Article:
War of the affidavits

The allegations, made in a lawsuit filed in the Trinidad and Tobago High Court, were brought to challenge the proceedings and possibly delay the production of a final report of the Commission of Inquiry. However, Uff, in an affidavit filed in November, in addition to describing them as “improper” has advanced that lawyers for Calder Hart, Executive Chairman of Udecott, had sought to get the Commission to keep secret, the evidence of Carl Khan, former husband of Hart’s wife, Sherrine.

Khan had filed three sworn statutory declarations in which he had alleged, inter alia, that Mrs Hart’s brother and brother-in-law, Alan Lee Hup Ming and David Ng Chin Poh, respectively, were directors of Sunway a company to which Udecott had awarded $668 million in contracts.

On Monday, December 7, however, at the resumption of the Inquiry Uff revealed that Hart’s attorneys, including Frank Solomon SC and Devesh Maharaj, had indicated they would not cross-examine Khan on the basis of the declarations and had ruled that they would stand uncontested as part of the evidence of the Inquiry.

It should be noted that Uff’s affidavit had been filed in the High Court on November 20, in response to allegations stemming from an affidavit submitted earlier this year by Udecott’s Chief Operating Officer, Neelanda Rampaul. Interestingly, Rampaul’s affidavit was somewhat in advance of Uff’s ruling. Nonetheless, Prof Uff’s December 7 pronouncement had been made following on lawyers for Hart opting not to challenge Khan’s sworn statutory declarations. Was the Chairman of the Inquiry revealing in his affidavit that lawyers for Hart had tried to get the Commissioners to keep Carl Khan’s evidence secret based on their decision conveyed to Uff that they would not be cross-examining Khan? Or was it independent of that? It should be pointed out though that lawyers act not on their own but on the basis of their being briefed by clients.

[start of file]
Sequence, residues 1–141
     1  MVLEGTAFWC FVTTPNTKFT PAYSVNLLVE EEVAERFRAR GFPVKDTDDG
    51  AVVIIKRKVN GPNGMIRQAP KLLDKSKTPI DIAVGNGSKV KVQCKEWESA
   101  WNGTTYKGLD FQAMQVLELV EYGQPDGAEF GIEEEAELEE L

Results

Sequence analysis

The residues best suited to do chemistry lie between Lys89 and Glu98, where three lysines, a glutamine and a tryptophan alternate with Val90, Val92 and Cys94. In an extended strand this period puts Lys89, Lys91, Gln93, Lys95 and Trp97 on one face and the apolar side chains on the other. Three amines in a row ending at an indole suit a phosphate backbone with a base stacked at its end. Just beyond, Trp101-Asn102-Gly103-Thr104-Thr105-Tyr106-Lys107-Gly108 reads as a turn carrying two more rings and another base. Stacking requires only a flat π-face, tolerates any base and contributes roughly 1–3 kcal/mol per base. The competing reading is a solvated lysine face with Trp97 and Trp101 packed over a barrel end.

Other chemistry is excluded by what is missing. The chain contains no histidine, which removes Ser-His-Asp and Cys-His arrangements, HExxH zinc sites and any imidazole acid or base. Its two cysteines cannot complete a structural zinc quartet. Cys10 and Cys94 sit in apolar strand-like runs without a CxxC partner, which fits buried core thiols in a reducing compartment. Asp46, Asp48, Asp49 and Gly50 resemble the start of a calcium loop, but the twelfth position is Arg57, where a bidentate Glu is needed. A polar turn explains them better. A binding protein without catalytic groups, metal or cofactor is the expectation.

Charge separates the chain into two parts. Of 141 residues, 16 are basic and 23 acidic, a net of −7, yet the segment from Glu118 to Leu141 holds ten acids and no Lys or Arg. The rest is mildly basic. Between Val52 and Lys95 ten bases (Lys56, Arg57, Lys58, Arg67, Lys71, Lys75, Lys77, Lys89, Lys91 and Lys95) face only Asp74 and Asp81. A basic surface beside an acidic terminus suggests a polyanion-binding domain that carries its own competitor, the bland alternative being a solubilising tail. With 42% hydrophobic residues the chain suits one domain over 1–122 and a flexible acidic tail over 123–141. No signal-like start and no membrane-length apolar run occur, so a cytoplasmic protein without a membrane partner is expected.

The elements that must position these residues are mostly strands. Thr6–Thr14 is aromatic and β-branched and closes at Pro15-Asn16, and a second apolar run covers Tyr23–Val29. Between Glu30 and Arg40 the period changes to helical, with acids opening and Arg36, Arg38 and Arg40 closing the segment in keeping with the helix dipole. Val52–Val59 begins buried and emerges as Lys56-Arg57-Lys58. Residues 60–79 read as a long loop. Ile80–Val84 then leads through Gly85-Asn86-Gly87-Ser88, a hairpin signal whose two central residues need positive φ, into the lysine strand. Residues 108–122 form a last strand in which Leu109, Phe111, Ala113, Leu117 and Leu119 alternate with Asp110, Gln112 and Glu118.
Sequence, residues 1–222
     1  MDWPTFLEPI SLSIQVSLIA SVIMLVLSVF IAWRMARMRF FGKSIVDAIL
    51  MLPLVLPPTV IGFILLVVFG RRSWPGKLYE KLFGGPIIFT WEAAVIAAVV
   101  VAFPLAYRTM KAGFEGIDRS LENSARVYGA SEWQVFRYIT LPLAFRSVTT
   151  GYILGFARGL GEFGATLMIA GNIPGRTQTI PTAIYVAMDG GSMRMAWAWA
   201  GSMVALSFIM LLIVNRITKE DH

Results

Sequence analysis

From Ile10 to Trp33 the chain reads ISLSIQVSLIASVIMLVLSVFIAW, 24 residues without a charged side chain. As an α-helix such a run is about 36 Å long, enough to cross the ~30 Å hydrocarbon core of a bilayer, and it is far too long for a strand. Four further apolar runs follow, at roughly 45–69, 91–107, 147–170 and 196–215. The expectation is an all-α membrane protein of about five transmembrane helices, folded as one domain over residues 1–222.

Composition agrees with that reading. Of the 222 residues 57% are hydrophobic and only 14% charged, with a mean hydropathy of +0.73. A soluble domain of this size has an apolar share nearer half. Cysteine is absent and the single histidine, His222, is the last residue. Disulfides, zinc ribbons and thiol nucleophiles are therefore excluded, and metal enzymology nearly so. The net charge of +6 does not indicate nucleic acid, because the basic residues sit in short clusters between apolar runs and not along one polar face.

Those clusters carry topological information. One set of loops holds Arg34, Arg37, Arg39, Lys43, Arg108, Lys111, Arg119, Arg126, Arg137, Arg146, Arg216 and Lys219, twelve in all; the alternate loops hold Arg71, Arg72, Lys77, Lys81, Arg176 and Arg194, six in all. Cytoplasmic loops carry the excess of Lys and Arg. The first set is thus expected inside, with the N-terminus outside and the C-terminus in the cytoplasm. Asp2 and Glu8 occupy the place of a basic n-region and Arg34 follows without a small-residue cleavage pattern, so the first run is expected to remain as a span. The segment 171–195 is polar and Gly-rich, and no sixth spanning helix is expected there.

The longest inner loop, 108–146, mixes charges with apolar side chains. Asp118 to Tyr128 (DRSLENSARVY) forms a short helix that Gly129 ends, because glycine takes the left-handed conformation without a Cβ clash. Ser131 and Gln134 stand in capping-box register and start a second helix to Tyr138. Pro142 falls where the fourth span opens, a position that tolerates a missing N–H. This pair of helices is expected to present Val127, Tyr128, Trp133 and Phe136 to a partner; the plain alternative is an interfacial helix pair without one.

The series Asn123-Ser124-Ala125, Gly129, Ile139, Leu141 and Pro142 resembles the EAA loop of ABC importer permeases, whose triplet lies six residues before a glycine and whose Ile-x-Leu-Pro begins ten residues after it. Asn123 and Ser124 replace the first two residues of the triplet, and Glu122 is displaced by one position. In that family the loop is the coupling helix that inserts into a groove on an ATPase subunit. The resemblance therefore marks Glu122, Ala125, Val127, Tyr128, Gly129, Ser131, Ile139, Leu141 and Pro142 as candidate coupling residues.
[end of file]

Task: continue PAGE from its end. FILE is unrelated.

We wish to note, however, that Udecott has alleged that Uff had given an undertaking that Khan’s declarations would not be posted on the Commission’s website, which they have been and describes their being online as “oppressive and unfairly biased against Udecott and Hart”. Uff, though, has described in his affidavit that on May 19 of this year he had forwarded the documents to Hart’s lawyers for response. In turn, from as early as that date it had given no indication of any intention not to cross-examine Khan.

Uff reportedly stated in his affidavit that on May 20 he held further in camera meetings with them at which they urged him not to let Carl Khan’s documents be made public. In addition, he has insisted that he gave no undertaking that Khan’s statutory declarations would not be posted on the Commission’s website at http://www.constructionenquiry.gov.tt/.

Even though the Inquiry’s formal sittings ended somewhat earlier than expected following on the decision not to cross-examine Khan and the Chairman’s ruling that Khan’s evidence “will now stand uncontested as part of the evidence in the Inquiry”, the literal war of affidavits has once more excited the public’s continuing interest.

Rampaul’s reported charge, contained in an affidavit, that Uff was guilty of an “act of deliberate prevarication...to embarrass and scandalise Udecott and its Executive Chairman” has drawn Uff’s response that the claim was “unfounded, tantamount to an accusation of actual bias...I would invite her to withdraw it.”

Phase Four of the Inquiry may have ended, but another phase of the drama appears to have only just begun.


"War of the affidavits"

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